Pakistan: Policy to incentivise smart phone manufacturing being formulated


By Muhammad Luqman
The Economic Coordination Committee of Pakistan’s federal cabinet has constituted a committee to devise a comprehensive policy to incentivize “Smart phone manufacturing in the country with over 164 million cellular subscribers.
” The committee to be headed by Federal Minister for Industries and Production, will have members from Ministries of IT and Industries, Board of Investment and Engineering Development Board,” according to a statement issued by Federal Ministry of Finance on Wednesday.
The Committee will bring its proposals after consultation with all the relevant stakeholders in due course.
Since the advent of mobile phone technology in this part of the world, Pakistan had been net importer of the cellular phone sets. A number of companies including Haier, Techno and Xiaomi phones were assembling a small quantity of phones locally. However, in February this year, a Hong Kong-based smartphone manufacturer, Infinix, became the first smartphone company to start manufacturing in Pakistan.
“Fully aligning with the country’s initiative of ‘Made in Pakistan’, the company keeps growing its investment to contribute and help transform Pakistan into a regional tech hub. This is just one step further towards our mission and commitment to putting Pakistan on the road to progress and prosperity,” according to a spokesperson of the company.
The joint-venture company – the first 3G/4G smartphone manufacturing facility in Pakistan – has initial capacity to produce 1.8 million units annually on a single-shift basis with over 800 skilled workers below 30 years of age.
Pakistan has over 164 million cellular subscribers out of a population of 207 million. The country ranks seventh among world’s largest handset importers. The Pakistani mobile phone market is estimated at 53 million units annually. This makes Pakistan one of the top 10 global markets for feature phones and smartphones. Sales value of mobile phones in Pakistan was estimated at Rs366 billion in 2019. This makes the industry bigger than automobile sector, with sales of Rs360 billion in 2018.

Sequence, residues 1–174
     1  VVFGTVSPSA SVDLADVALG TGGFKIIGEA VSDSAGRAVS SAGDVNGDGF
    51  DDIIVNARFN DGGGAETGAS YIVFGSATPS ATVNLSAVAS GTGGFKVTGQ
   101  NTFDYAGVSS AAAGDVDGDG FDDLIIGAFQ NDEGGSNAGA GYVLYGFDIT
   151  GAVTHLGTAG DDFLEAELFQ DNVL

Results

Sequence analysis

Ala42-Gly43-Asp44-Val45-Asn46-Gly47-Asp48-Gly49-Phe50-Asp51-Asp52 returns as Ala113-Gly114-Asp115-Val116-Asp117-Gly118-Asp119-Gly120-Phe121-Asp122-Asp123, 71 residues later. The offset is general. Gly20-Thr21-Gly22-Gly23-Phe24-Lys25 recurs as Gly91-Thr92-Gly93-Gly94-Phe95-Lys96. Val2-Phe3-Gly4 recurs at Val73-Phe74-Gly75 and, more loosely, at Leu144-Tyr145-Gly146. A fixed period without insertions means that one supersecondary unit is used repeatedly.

As far as the use of smart phone is concerned, the country saw some 120 million mobile subscriber identity modules (SIMs) sold with 46 million supporting 3G/4G while 68 million were 2G subscribers last year.
Even in global terms, the situation is almost the same. he mobile phone sector ranks among the five biggest industries in the world with sales revenue of $522 billion and over 6 billion devices sold annually.
China has been enjoying the label of being the global hub of handset manufacturing since 2010. The country exports mobile phones worth over $150 billion a year.
However, the handset production is now moving out of China due to rising labour cost and a prolonged trade war with the US.

Despite these opportunities, Pakistan still remains far behind in the race of providing cheap labour force as many other Asian nations are increasingly luring mobile phone assembly companies by offering low-cost workers.
Most of the demand for mobile phones stems from Asia and Africa while markets in Europe and North America are on a saturation point, hence, their trend remains more or less flat each year. This provides a further incentive to the mobile phone manufacturers to relocate their units to Asian nations.
According to Statistics, 1.5 billion units of smartphones were sold in 2019 worldwide. The number had been 122 million in 2007.
Recent steps taken by Pakistan’s regulator, Pakistan Telecommunication Authority (PTA) have been helpful in boosting the telecom sector. It has successfully tackled the handset smuggling. Government’s endeavours to curb grey channels have yielded results as the country recorded 110% increase in legally imported mobile phones in 2019 compared to 2018.
“According to analysis, an increase of 110% has been seen in legal import of devices from the formal channel,” according to PTA spokesperson.
Over more than a year ago, the government started blocking the mobile sets (smuggled phones) that were not approved by PTA with the help of Device Identification, Registration and Blocking System (DIRBS).


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